Erosion disaster: Council officer Jane Lofthouse at Kingscliff Beach.
Erosion disaster: Council officer Jane Lofthouse at Kingscliff Beach. Blainey Woodham

Erosion plea fast-tracked

THE NSW Government has responded quickly to pleas from Tweed Shire Council for millions of dollars urgently needed to stop disastrous erosion on Kingscliff Beach, according to Tweed mayor Warren Polglase.

Cr Polglase yesterday revealed phone talks had already been held with the office of NSW Planning, Infrastructure and Lands Minister Tony Kelly on urgent funding.

“There have been discussions already over the phone, which I believe are leading in a fruitful direction,” Cr Polglase said.

“I must say, to their credit, the minister's office did respond to us quite quickly. We were very pleased.”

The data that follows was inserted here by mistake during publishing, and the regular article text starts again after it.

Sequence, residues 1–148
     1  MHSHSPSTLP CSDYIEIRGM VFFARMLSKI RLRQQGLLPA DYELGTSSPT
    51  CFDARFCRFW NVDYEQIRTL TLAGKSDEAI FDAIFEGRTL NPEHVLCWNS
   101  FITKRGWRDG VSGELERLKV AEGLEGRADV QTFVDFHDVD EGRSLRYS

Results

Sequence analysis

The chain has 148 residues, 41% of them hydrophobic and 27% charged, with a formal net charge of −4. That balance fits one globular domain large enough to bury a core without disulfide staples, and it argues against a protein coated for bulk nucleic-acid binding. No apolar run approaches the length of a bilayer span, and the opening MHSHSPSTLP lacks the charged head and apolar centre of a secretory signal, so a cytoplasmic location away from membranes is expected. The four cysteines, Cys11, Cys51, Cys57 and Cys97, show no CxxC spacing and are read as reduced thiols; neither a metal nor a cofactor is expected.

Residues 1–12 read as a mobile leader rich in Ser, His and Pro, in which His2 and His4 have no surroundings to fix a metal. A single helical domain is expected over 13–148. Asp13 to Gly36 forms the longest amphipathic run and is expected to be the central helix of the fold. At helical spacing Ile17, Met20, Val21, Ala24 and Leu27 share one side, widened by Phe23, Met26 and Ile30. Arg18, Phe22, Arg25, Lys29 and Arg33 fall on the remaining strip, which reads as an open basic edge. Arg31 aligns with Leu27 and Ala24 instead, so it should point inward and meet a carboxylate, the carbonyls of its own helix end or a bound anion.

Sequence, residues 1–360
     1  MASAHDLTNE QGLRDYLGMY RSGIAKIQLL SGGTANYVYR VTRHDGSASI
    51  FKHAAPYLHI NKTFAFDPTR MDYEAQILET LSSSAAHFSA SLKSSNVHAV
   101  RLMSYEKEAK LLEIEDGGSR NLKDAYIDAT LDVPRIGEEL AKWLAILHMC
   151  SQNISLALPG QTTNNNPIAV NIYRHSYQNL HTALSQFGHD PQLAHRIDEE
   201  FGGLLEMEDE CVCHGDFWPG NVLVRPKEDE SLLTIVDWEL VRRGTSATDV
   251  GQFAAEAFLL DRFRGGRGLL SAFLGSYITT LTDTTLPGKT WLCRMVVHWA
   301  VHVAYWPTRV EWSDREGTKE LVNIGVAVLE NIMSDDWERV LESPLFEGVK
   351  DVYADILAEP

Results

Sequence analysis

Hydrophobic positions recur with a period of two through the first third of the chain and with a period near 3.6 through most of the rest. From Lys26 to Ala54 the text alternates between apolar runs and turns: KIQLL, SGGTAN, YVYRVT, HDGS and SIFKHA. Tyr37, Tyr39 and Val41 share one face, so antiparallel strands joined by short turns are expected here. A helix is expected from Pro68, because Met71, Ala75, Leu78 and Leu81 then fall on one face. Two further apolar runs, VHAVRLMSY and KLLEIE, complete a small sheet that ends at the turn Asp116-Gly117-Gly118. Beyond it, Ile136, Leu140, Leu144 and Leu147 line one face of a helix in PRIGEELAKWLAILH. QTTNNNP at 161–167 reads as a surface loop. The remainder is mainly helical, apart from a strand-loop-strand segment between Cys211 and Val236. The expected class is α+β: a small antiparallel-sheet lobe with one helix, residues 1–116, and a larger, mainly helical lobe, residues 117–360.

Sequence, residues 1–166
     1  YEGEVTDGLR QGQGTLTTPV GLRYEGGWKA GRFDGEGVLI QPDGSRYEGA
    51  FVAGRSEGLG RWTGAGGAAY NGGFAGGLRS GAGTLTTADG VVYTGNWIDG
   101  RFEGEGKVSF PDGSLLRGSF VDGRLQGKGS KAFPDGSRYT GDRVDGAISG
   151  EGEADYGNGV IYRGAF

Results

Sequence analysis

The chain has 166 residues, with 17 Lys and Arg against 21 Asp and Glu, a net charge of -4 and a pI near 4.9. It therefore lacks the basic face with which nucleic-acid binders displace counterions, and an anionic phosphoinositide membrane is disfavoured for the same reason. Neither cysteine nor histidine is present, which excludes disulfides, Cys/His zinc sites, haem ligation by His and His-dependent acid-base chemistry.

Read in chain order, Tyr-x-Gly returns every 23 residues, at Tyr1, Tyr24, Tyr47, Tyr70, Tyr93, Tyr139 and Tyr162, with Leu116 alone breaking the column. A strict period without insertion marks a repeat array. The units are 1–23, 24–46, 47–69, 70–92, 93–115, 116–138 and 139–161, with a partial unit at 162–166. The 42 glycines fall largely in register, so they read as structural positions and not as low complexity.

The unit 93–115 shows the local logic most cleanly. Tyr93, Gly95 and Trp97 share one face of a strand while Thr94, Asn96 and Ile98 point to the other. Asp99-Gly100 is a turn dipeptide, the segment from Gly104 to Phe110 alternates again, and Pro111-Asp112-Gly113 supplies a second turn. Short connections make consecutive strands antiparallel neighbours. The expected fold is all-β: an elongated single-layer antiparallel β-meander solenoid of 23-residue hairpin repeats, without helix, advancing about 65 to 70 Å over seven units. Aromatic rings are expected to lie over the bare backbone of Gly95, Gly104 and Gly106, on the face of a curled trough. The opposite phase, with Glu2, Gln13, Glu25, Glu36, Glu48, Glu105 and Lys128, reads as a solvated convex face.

Cr Polglase said council had last week formally lodged an application for disaster funding, which was being fast-tracked.

Last Tuesday councillors voted to send Cr Polglase and Mr Rayner to Sydney to plead with the state government for disaster funding to either pump sand onto Kingscliff Beach, build a rock wall or undertake a combination of both – a task which could cost “in the order of $5 to $10 million”.

Yesterday National Party MP for Tweed Geoff Provest revealed he had also thrown his weight behind the push for urgent funding, writing to Emergency Services Minister Steve Whan with a request that the erosion be officially declared a natural disaster.



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